Download the authoritative guide: Cloud Computing 2018: Using the Cloud to Transform Your BusinessDoes Europe know something we don't know about Web services? At a recent CIO summit I attended in Spain, 50-odd CIOs from Europe's top companies surprised everyone, including themselves, with acknowledgement that, by a margin of two to one, their companies were actively developing Web services-based applications.
The irony of this overwhelming support is that many confessed they were most likely working on Web services-based applications without necessarily knowing it: the nice thing about Web services is that the definition these days is loose enough to encompass a vast range of functionality and design criteria.
But there was little doubt that the quantity of companies acknowledging the fact marked a key inflection point in the market. Web services applications were now in the mainstream of European IT management thinking, even among old-line, mainstream companies that, the common wisdom says, should eschew hype-driven marketing terms and bleeding edge technologies.
This wasn't just any group of CIOs; the list included a who's who of top European manufacturers, telcos, consumer goods companies, and others. These were the battle-scarred veterans of technology change and economic turmoil, technologists who were also business-savvy executives. Among their biggest concerns were making sure that no one thought they believed in technology for technology's sake. So why were they providing some of the best evidence yet that Web services applications are not just interesting technology but also make good business sense as well?
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The result is that what little automation is used to run complex processes like, for example, post-merger integration, is largely a mix of Excel spreadsheets and PowerPoint slides. The theoretical cost-effectiveness of achieving a new level of automation using Web services is especially appealing to business managers also looking for hard evidence regarding increased productivity, lower costs, and better returns.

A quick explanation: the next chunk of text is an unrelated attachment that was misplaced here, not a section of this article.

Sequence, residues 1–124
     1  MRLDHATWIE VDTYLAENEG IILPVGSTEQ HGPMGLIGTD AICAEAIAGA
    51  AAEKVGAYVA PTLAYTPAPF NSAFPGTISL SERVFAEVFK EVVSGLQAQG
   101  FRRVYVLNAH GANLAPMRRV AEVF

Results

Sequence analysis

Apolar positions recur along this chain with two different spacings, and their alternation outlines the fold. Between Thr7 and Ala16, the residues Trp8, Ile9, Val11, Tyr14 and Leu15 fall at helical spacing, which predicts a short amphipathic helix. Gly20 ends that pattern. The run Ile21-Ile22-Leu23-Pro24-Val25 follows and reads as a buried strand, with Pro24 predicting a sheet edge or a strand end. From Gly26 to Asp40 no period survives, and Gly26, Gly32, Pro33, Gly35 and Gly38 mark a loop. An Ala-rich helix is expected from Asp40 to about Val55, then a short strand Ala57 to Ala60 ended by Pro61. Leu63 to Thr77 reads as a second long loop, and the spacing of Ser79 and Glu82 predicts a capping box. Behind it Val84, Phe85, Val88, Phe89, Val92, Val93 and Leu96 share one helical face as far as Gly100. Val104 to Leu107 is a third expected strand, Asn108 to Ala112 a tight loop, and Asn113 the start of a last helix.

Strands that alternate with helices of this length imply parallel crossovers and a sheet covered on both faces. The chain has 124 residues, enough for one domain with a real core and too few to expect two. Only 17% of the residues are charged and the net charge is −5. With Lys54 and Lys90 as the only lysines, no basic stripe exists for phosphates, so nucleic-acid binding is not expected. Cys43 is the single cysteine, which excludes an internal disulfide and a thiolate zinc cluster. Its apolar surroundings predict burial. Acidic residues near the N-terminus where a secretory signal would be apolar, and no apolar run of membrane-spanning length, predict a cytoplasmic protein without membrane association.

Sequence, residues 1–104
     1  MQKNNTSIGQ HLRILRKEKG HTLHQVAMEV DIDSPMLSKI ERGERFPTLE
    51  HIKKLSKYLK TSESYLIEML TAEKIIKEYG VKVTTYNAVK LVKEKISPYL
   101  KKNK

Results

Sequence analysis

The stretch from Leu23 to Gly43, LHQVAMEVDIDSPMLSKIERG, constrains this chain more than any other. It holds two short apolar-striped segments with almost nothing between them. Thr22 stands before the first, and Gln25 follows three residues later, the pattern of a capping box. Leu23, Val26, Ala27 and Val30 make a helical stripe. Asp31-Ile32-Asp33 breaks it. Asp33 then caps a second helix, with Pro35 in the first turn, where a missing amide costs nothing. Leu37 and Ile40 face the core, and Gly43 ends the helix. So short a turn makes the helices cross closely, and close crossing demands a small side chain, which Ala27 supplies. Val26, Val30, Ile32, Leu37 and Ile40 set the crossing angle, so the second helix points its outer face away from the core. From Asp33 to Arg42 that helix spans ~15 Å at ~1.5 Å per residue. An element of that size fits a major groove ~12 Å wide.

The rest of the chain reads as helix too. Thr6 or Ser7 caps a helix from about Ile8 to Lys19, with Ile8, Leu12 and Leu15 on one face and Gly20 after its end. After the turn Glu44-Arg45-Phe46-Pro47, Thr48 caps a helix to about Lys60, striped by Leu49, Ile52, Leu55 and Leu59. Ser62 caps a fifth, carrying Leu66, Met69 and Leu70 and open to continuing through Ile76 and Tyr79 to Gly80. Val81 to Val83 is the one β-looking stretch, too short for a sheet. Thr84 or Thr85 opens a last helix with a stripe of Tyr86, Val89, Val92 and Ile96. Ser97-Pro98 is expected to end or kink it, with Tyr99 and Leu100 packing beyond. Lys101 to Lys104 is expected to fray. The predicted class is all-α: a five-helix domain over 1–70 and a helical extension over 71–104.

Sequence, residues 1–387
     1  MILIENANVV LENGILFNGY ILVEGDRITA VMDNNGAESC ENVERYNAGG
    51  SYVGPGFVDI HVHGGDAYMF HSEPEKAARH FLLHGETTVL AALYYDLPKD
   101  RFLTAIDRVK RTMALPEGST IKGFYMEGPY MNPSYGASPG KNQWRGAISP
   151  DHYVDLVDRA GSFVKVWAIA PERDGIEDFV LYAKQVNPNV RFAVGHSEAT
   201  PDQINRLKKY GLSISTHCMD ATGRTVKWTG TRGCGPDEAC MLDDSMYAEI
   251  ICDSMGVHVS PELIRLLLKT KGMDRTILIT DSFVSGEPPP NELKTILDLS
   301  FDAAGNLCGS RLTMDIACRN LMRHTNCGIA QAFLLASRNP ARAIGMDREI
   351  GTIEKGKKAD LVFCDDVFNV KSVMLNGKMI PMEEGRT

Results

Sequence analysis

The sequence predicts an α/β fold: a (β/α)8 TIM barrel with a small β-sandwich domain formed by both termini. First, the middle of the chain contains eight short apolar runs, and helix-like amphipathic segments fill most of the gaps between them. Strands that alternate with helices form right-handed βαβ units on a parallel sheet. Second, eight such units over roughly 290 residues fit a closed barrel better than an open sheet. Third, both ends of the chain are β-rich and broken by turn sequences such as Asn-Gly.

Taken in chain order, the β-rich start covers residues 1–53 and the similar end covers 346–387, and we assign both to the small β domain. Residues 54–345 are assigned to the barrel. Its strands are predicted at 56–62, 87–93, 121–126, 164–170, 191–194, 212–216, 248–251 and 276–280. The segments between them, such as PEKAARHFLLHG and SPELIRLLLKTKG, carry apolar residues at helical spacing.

The other reason is that European CIOs, like their American counterparts, would rather use more of what they already have then embark on entirely new applications and technologies. While Web services will require some new technology -- a services architecture needs to be in place to fully support the next generation of applications -- most of these CIOs realize they don't have to implement an entirely new architecture. The ability of Web services applications to leverage existing applications and processes can be mirrored in the ability of services architectures to leverage existing third-party applications infrastructure components. It's a rare win/win that spans the business and technology sides of the enterprise.
I think one of the reasons these CIOs are relatively so well along in their plans is that they are focusing on the advantages of the next generation of Web services applications and are a little less concerned about the specific services architecture technology they need to deploy. Indeed, this has lead to some CIO empowerment in the Web services movement. These CIOs all said that their business managers -- many of whom are calling the shots regarding new applications -- were keeping their hands out of the infrastructure decisions needed to make the shift to supporting Web services. The business case for the new generation of applications is enough for business management to leave technology decisions to the CIO.
There's an important lesson to be learned from a European market that suddenly looks like a leader instead of a follower. Web services are more than hype, they're good for business and good for technologists as well. In a market driven by tight-fisted economic arguments, Web services are passing the hardest test of all. If a savvy group of Euro-execs can give Web services the nod in a world rife with economic uncertainty and technological confusion, then it's time to declare that Web services-based applications have really arrived. They may even be here to stay.